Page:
System Architecture

The distributed system being built responds to a reference architecture that is composed by a number of modules, the latter grouped into 4 logical blocks: the Machine under analysis, Data Analysis module, Visualization module, and the Middleware supporting inter-module communications.

architechture of the maintenance system for MANTIS
architecture of the maintenance system for MANTIS

Machine

Data regarding the machine under analysis are collected by means of sensors, which integrate with the machine itself. This logical block consists thus of data sources that will be used for failure detection, prognosis and diagnosis. This set of data sources comprises an ERP (Enterprise Resource Planning) system, data generated by the machine’s Computer Numerical Controller (CNC) and the safety programmable logical controller (PLC).

Middleware

This logical block operates through two basic modules. The first is the MANTIS Embedded PC, which is basically an application that can run on a low cost computer (like a Raspeberry Pi) or directly on the CNC (if powerful enough). This module is responsible for collecting the data from the CNC I/O and transmitting it to the Data Analysis engine for processing and is implemented as a communication API. When based on an external computer, this module also connects to the new wireless MANTIS sensors placed on the machine using Bluetooth Low Energy protocol (BLE). Communications are then supported by the RabbitMQ message oriented middleware, which takes care of proper routing of messages between peers. This middleware handles both AMQP and MQTT protocols to communicate between nodes.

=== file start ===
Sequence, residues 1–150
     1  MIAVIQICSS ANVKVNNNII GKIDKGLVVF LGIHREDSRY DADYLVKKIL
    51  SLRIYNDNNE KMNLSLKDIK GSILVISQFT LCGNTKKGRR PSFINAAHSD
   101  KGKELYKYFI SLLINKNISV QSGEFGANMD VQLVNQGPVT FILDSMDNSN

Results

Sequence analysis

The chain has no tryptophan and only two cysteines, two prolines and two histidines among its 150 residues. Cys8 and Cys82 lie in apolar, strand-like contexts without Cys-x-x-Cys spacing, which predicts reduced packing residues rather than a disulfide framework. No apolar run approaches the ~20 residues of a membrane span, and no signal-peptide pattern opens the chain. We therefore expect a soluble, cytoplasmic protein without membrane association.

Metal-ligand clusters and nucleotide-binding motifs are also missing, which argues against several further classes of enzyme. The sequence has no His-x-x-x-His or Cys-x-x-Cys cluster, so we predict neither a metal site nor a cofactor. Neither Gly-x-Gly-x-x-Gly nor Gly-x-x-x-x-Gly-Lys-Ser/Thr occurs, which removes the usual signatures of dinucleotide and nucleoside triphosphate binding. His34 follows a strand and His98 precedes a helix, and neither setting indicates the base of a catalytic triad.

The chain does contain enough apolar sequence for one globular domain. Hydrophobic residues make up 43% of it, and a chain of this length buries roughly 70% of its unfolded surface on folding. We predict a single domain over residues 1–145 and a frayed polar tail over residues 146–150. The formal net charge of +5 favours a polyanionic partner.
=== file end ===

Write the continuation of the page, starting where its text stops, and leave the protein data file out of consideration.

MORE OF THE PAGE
The I/O module is used in order to extract raw information from the machine sensors which is collected by the existing PLC, made available on the Windows-based numerical controller through shared memory and then written to files. Our software collects sensor data from these files, thus completely isolating the MANTIS applications from the numerical controller’s application and from the PLC.

Data Analysis